'Licht' is a radiant hymn of joy, says Peter Quantrill
Musical – artistic – modernism is a godless pursuit. Or so the maxim runs – especially among those discomfited by dissonance, while modern composers of religious music such as John Tavener and Sir James MacMillan have recovered the tenets of tonality and consonance that were challenged and overthrown in the early years of the last century.
Karlheinz Stockhausen’s Licht says otherwise. It says a flamboyant “no” to those musical conventions and many others besides, but it also says an exultant “yes” to the praise of God in music, like a cosmic setting of Psalm 150. Composed over 25 years and completed in 2003, Licht (Light) is a cycle of seven works that we might as well call operas, one for each day of the week; though orchestras and plots and much else in the way of operatic furniture are jettisoned in the slipstream of its creator’s imagination.
Stockhausen, a German composer, was once a byword for all that was most arcane and cultish about modernism. Yet Stockhausen grew up a Catholic. He signed off Gruppen, his orchestral tour-de-force of the 1950s, with the Jesuit inscription AMDG. He died in December 2007, apparently having recited the Lord’s Prayer with his companions. Only in the last few years, however, have audiences been granted the opportunity to grasp the idea that faith – in God and in the sacred mysteries of life – was the golden thread woven throughout his work, and through Licht above all.
At the end of June, Paris audiences will decamp from the Cité de la Musique to the nearby church of Saint-Jacques Saint-Christophe de la Villette, for ‘‘Lucifer’s Farewell’’, the fourth and final scene of Saturday from Light. There, a male chorus will enter in monk-like robes and clogs before ceremonially smashing coconuts on a stone slab, having chanted the “Hymn to the Virtues” by St Francis of Assisi.
It’s one of the most fantastical scenes in a cycle that has often been considered unstageable, owing to its lavish demands – of talent, of time and money. What does it mean? I’m not sure.
Do we ask the same question of Wagner’s Parsifal? Not before submitting to its beauty – and the same is true of Licht. The two pieces share a highly ambiguous relationship to the Christian iconography that they co-opt. If anything, Licht is the more distinctively Christian work of art. Or so it seemed to me, when scenes from the cycle were staged over three days in late May and early June by the Dutch National Opera, in a gas-ometer turned nightclub in Amsterdam – the most complete presentation of Licht so far.
On the first two days, the cycle’s main trio of characters snapped into focus. In writing Thursday from Light – the first opera of the cycle – Stockhausen tells the highly autobiographical backstory of Michael the Archangel with a chamber-opera which is the most conventionally presented act in the entire cycle, then a trumpet concerto that describes in sometimes naïvely pictorial terms his journey around the earth. Like the rest of Aus Licht in Amsterdam, this was performed with astonishing assurance by mostly young musicians who had trained for two years to learn and memorise not only the notes but also the movements and coordination required with a richly textured, multichannel electronic soundtrack that swirled around the audience in the Gashouder.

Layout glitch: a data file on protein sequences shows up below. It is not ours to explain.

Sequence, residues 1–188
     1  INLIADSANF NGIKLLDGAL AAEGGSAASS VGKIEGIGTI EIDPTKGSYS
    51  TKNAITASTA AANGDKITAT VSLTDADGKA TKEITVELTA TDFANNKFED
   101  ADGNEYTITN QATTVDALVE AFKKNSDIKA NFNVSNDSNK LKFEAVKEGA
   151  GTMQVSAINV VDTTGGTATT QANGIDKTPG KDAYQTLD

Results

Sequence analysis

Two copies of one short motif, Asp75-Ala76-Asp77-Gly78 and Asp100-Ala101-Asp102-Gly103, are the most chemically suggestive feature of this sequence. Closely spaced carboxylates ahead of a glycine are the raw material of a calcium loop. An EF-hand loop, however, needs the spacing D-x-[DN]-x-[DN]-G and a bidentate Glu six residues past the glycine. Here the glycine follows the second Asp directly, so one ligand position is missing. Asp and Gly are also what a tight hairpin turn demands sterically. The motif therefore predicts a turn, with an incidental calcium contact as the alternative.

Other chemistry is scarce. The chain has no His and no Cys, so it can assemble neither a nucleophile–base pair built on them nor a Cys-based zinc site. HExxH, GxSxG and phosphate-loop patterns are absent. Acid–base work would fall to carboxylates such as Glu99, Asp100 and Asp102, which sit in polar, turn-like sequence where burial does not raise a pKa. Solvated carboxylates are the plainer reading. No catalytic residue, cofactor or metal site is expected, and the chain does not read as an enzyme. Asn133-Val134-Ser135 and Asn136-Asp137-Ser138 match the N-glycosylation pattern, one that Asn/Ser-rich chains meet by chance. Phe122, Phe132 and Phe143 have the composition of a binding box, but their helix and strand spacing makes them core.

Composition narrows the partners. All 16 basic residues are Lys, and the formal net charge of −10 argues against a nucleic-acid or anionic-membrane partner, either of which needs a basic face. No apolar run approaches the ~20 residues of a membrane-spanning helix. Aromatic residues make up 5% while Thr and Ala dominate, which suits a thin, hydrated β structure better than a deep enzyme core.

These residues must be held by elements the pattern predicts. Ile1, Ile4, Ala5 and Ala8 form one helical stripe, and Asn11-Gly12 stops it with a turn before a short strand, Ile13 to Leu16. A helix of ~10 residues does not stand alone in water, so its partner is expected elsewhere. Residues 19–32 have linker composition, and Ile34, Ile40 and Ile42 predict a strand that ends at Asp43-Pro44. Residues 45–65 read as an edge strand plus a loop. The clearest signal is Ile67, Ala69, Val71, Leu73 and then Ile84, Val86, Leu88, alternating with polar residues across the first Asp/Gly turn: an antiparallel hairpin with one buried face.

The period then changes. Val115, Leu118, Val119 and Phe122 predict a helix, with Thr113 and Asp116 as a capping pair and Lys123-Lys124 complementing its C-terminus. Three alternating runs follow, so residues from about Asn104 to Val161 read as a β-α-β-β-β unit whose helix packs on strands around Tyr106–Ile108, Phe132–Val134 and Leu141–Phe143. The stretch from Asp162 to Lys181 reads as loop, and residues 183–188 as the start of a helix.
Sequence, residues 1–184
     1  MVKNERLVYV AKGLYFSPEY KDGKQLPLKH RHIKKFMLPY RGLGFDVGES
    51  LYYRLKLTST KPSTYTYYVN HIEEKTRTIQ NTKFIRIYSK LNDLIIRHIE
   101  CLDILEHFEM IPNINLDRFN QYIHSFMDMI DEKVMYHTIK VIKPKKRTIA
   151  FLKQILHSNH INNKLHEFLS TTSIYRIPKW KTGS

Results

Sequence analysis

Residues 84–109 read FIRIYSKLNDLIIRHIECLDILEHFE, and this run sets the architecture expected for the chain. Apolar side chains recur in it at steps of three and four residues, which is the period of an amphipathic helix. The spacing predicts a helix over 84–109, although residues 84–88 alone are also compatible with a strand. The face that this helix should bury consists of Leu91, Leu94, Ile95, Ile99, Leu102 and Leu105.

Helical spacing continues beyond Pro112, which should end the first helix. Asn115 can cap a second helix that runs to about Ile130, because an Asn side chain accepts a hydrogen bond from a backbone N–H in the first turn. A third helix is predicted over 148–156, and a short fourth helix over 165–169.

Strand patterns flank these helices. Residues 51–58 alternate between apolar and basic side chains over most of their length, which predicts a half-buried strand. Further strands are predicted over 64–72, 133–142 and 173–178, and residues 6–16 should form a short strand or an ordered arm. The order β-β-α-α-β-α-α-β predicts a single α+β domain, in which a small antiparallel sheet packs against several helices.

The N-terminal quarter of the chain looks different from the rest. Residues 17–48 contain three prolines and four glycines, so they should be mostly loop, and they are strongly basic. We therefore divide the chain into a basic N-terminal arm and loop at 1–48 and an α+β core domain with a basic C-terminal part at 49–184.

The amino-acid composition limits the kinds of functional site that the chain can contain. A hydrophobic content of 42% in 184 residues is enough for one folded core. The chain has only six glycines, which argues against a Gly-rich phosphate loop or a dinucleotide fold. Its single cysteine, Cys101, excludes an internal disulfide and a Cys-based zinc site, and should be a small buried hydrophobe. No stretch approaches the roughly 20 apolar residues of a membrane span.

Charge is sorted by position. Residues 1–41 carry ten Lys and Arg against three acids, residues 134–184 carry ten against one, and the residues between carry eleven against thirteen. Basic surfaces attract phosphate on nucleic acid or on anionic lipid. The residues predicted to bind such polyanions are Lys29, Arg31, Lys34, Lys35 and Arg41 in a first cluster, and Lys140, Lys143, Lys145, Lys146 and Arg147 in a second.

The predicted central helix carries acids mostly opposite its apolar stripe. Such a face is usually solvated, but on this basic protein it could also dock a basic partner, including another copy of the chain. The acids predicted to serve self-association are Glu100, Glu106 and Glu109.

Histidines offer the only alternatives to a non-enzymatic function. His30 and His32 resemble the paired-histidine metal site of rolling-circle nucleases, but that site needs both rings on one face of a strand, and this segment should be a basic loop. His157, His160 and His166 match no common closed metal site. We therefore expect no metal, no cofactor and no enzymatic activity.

The cycle’s second day concentrated on Lucifer and Eve. Some of the most touching scenes in Licht are found in Monday from Light. A magical Procession of Maidens reworks the premise of Britten’s Ceremony of Carols, and then Eve teaches seven young boys to sing their own songs. When did you last see the education of children treated as a topic of drama in an opera? But whereas Stockhausen habitually leaves nothing to chance and his meaning plain to hear, the ambiguous climax of Monday arrives with the Pied Piper, who leads both boys and girls joyfully away to an uncertain fate.
The battle between good (Michael) and evil (Lucifer) is never conclusively settled in Licht – not least because the cycle lacks a definitive beginning and end-point. In Amsterdam, they took up their cause again on the third day with the finale of Tuesday, “Invasion-Explosion”, which graphically evokes the ghastly horror of war that Stockhausen himself experienced as a very young man in 1940s Cologne. A wounded young soldier played a Last Post lament to accompany Eve in a haunting musical Pietà.
The notorious Helicopter String Quartet followed – a kitschy marriage of technology and music that sends the four string players into the air as angels of music – but the aptly radiant close of Aus Licht came with “Angel Procession”, the second scene of Sunday from Light. Here not Wagner but Tallis was the obvious forebear: seven choirs surrounding the audience, advancing, receding and mingling in a spellbinding ritual and a multilingual hymn of joy.
Peter Quantrill writes about music for Gramophone, the Strad, the Wagner Journal and elsewhere. Follow him on Twitter at @peterquantrill